Yesterday was a tough one at the Mazda Adventure Rally, but we survived. We had to run around British Columbia finding clues, called people about their cars and had to drive like hell to get to the final destination on time. Was it all worth it?
The Mazda Adventure Rally isn’t your typical ride and drive event. In fact, it’s hard to tell exactly what it is. It’s not quite the same as a happy-go-lucky first drive event, where we get to leisurely take our time with the cars we’re testing. It’s much more serious than that. With up to $10,000 at stake for charity, it’s about winning and losing.
Yesterday it felt like we did more losing than winning. As you may recall, we had some difficulty identifying the model year of a truck, and resorted to calling the owner of the vehicle for help. Sadly their hypothesis of their truck being a ’50 was incorrect. Apparently it was definitely a ’55 as evidenced by its open drive shaft (or so the other members of the rally say.) It turns out many people did the same thing, and were all outraged that someone wouldn’t know the year of the vehicle they were using for a promotional billboard.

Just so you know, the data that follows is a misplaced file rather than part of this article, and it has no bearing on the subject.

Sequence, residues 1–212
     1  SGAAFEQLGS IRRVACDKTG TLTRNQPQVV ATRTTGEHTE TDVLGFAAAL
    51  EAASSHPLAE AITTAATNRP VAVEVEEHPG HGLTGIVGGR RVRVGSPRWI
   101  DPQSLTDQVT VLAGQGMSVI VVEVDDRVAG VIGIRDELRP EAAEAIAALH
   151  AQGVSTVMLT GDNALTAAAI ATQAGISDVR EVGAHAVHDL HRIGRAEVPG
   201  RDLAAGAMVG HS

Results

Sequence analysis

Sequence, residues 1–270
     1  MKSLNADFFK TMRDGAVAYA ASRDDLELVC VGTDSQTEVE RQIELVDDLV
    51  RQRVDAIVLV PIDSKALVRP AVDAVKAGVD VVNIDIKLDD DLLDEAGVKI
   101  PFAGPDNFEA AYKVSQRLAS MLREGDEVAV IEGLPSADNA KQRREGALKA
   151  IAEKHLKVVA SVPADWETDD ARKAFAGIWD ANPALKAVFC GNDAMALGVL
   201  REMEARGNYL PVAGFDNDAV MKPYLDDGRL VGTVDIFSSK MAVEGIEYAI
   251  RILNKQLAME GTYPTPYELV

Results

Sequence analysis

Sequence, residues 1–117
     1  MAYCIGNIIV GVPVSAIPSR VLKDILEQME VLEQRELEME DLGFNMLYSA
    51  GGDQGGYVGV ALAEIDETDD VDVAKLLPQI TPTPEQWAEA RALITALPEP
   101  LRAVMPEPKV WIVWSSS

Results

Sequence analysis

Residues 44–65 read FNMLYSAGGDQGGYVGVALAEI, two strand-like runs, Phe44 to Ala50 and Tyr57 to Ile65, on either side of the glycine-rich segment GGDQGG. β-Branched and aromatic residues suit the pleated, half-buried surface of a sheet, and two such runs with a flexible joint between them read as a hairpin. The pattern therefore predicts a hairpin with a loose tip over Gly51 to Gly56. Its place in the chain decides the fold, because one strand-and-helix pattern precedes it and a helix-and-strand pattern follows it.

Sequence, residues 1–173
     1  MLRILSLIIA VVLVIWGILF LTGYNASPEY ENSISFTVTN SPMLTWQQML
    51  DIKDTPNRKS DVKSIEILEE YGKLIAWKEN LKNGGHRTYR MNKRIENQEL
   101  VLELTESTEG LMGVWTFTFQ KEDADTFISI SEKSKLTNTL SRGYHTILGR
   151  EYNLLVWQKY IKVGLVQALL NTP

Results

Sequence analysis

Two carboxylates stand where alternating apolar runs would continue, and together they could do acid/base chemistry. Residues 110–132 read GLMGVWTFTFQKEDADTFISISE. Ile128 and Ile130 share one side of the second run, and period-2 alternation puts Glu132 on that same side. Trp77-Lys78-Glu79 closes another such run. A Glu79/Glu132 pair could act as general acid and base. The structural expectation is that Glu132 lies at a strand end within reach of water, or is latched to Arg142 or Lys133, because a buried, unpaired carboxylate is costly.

Furthermore, we missed a scene or two in our photograph challenge, meaning we missed out on a few extra points. We drove at such high speeds, it was hard to keep an eye on the surrounding scenery to find the photos we were given.
As a result we now sit in fourth place in the rally, just one point away from finishing in the money and three points away from first place. It’s not good knowing you may not finish in the top three, but it’s not a place to be in. Think about it, we have nothing to lose, while the other competitors ahead of us have all the pressure on them to stay in the positions they’re in. Let’s put the pressure on them.
In the words of famous baseball player Yogi Berra (Who passed away today, may he rest in peace) “It ain’t over, till its over.”